Ireland: Breaking in the Passport5 min read

One of my bucket list items for a long time now has been to get a passport and put it to good use. I do like exploring quite a lot, but until recently I’ve never explored beyond my own country’s borders. Over the Christmas holiday, I did apply for a passport and immediately upon its arrival book passage overseas.

Trip number one was to Ireland. Why Ireland? Glad you asked.

  • It’s just foreign enough to know that I’m somewhere else. The driving rules are quite different (wrong side of the car, wrong side of the road, roundabouts everywhere, different lines and signs, etc).
  • It’s just familiar enough to be comfortable. The foods are mostly familiar, but with opportunities to try new things. Everyone speaks English, but a different dialect of it. I can relax and enjoy my holiday without sorting through language barriers or other massive cultural disparities.
  • It’s relatively close. Europe just isn’t close to the US. But it’s close enough to get there is a pretty reasonable amount of flying time. And it’s closer to us than most of Europe.
  • It’s very safe. This just isn’t a country known for violent street crime or victimization of tourists. The people live, for the most part, in relative comfort, and by and large aren’t tempted by the kinds of criminal opportunities that might make travel to more impoverished areas a bigger risk.
  • It’s very old. Many of the homes I drove past were probably older than my whole country. There are man-made structures here that pre-date Christianity itself.

I could keep going, easily. Ireland has so much going for it. And I think I chose well; I really had a fantastic time there.

People told me straight off, like on the shuttle bus at the airport, “stick to the coastline and don’t muck about in the middle”. I’d heard that from Americans back home, too. But I think they’re wrong. For me, I enjoyed the middle of Ireland at least as much as the coastal communities. That’s where I met regular people who weren’t jaded by endless streams of tourist buses, and had great conversations.

Wild pheasant seen on Day #1 on an “L road”. It wasn’t the last.

I’d made a decision to get off of the major motorway as soon as I could. Ireland has a road system with four major categories, as I understand it:

  1. L Roads are locally run, tend to be more narrow and rustic. Speed limits are low, and they aren’t heavily traveled. If you’re looking for bucolic scenery that’s not often seen by tourists, you may find it here.
  2. R Roads are regionally run. They are still a bit narrow and precarious for the most part, by American standards, but they move a little faster while still offering great scenery.
  3. N Roads are nationally run roads and offer a good, safe way to get from town to town at a decent pace, while still offering some opportunities to see things or make stops along the way.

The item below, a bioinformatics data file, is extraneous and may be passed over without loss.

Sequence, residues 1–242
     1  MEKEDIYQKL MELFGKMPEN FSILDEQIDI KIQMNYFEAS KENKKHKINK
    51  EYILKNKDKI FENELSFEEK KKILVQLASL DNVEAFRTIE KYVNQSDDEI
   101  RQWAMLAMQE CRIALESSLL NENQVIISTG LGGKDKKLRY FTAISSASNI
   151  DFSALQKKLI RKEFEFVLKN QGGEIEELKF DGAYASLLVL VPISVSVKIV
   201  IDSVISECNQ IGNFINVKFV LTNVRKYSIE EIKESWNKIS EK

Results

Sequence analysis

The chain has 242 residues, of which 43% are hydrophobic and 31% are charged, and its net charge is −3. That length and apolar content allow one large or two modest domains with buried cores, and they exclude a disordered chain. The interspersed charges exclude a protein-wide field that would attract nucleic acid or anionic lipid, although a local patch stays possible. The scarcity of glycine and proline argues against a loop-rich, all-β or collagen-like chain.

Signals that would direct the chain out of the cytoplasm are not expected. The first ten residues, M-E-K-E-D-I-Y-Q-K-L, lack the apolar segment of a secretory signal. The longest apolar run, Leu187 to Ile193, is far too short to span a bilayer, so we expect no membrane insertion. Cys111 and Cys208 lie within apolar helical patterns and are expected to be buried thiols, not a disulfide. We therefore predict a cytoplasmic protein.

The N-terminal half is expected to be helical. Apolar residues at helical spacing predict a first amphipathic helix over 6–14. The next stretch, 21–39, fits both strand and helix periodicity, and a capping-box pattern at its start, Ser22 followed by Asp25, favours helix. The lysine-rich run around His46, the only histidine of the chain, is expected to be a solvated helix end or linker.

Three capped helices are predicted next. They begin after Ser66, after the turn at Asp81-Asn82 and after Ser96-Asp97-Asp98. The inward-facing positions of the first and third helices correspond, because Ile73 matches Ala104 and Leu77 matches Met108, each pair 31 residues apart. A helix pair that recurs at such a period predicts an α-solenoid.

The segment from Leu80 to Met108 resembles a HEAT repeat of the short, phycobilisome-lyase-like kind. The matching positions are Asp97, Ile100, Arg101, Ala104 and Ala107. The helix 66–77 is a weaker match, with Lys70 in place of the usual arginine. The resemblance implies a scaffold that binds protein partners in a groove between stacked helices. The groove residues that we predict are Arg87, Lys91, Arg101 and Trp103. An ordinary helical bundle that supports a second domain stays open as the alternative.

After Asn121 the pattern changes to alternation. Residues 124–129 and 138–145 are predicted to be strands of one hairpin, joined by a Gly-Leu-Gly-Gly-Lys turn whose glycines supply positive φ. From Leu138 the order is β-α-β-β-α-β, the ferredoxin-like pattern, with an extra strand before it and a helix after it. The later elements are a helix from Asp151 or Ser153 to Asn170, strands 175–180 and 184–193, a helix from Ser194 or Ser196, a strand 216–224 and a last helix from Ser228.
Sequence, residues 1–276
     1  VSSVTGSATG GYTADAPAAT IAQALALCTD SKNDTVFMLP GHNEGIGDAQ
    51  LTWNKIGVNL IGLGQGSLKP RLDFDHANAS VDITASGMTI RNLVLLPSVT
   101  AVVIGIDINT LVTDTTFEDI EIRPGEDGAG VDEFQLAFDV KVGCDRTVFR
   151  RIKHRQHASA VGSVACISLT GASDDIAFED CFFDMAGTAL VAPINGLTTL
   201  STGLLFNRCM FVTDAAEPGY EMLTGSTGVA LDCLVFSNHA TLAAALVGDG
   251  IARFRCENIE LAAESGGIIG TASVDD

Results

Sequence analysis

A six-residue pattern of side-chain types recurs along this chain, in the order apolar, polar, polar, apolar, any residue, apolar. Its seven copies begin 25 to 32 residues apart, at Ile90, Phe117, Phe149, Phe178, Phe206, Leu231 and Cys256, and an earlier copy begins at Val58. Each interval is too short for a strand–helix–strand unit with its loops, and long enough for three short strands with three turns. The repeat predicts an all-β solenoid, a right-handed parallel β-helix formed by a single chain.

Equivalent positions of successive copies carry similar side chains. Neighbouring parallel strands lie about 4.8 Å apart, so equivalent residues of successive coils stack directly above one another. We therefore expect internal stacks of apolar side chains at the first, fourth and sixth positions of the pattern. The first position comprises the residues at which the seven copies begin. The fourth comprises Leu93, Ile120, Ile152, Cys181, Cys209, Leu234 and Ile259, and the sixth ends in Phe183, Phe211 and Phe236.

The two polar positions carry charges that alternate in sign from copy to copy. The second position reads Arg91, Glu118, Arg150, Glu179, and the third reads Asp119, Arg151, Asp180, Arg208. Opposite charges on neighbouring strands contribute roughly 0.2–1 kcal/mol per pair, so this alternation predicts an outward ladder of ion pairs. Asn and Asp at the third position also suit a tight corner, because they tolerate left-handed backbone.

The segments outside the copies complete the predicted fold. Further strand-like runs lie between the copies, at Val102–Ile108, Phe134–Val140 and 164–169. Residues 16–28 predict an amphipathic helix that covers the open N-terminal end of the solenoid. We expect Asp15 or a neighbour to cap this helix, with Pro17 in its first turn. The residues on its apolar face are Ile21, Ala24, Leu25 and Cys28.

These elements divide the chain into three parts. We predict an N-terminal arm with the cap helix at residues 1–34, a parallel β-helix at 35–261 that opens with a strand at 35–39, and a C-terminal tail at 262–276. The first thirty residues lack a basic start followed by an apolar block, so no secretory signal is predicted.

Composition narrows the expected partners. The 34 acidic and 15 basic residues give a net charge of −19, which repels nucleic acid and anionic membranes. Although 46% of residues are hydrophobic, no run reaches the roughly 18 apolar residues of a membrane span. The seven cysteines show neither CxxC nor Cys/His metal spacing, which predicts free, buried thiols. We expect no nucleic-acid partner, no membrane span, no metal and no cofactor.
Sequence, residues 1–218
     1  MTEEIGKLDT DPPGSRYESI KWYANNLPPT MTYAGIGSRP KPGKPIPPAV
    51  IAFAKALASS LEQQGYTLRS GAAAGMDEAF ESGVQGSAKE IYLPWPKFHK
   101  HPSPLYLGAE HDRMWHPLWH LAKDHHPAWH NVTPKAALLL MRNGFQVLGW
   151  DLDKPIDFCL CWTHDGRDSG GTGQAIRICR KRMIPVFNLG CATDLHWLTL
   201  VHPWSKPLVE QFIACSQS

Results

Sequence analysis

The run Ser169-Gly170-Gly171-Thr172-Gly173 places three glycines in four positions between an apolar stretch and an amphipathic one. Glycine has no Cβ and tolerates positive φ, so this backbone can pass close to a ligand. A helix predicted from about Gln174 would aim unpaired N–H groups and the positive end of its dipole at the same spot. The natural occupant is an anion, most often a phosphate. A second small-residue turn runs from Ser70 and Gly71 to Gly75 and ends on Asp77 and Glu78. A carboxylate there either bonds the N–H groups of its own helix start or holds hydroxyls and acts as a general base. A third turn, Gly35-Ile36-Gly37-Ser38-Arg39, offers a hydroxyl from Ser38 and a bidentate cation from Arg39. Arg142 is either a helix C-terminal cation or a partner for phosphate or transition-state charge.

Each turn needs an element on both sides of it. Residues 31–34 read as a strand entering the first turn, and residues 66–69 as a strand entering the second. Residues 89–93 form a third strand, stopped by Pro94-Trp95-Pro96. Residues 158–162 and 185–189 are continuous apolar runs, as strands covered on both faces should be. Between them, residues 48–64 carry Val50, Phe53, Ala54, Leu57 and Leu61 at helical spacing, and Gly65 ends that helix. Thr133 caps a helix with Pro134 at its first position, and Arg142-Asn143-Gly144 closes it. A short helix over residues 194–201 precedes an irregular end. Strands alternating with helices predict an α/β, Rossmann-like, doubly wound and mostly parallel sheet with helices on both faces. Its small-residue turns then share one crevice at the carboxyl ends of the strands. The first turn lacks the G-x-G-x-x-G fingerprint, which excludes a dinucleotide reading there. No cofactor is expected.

4. M Roads, or “motorways”, are the closest thing Ireland has to super highways. The speed limits are still low compared to what I was used to at home, and none of the M roads were really all that “big”. But if you need to cover big distances in short time, this is the way to do it. The M roads didn’t offer as much in the way of scenery or opportunities for spontaneous adventuring, so we tried not to make much use of them.

You know how BMW drivers are the primary jerks on American roads, driving aggressively like they are always in such a hurry and your presence on their road is an annoyance? I saw many BMW’s in Ireland but didn’t get that vibe from most BMW drivers there. It was the Audi drivers that were total twats there. And for those who couldn’t afford Audis, the Volkswagen drivers were junior level road hooligans. Most other people were really quite courteous.

On the L and R roads, there were rarely any areas for pull-offs. Hedges and walls were established literally right up against the side of the road without a buffer in most cases, so it took a bit of nerve to get used to that. The downside to this as a traveler was that I didn’t have a chance to pull off to photograph so many wonderful sights.

Slieve League cliffs in County Donegal offer a breathtaking experience without the crowds of Cliffs of Moher.

The Ireland of old that I think many Americans and plastic paddies desire doesn’t really exist outside of the tourist industry. To come here expecting your stereotypes to play out is really not going to be fair. Other than people saying “wee” a lot, I got to know a place and a people that was outside of preconceived notions.

The village of Ardagh was not on any tourist itinerary that I’d ever seen, but a shopkeeper I’d patronized in Longford Town saw my camera and guessed correctly that I’d enjoy exploring this place.

I’ll not pad this out to thousands of words in length or offer a deep dive into the experience, though I easily could (and have the photos to back it up). But I’ll say this: I’ve learned what I like in travel, and it’s not something I’ll ever get out of a guided tour. The nexus of people and place fuels my curiosity. And I’m only getting started.

One thing I learned was that traveling with a camera bag is not something I enjoy. My otherwise amazing Fujifilm X-T2 and assortment of lenses might get less use on future trips, if it comes at all. The Ricoh GR, the wee beastie of a camera that fits in the front pocket of my jeans, is likely to get a lot more use on future adventures.

And where shall I go next? Leave suggestions in the comments below.

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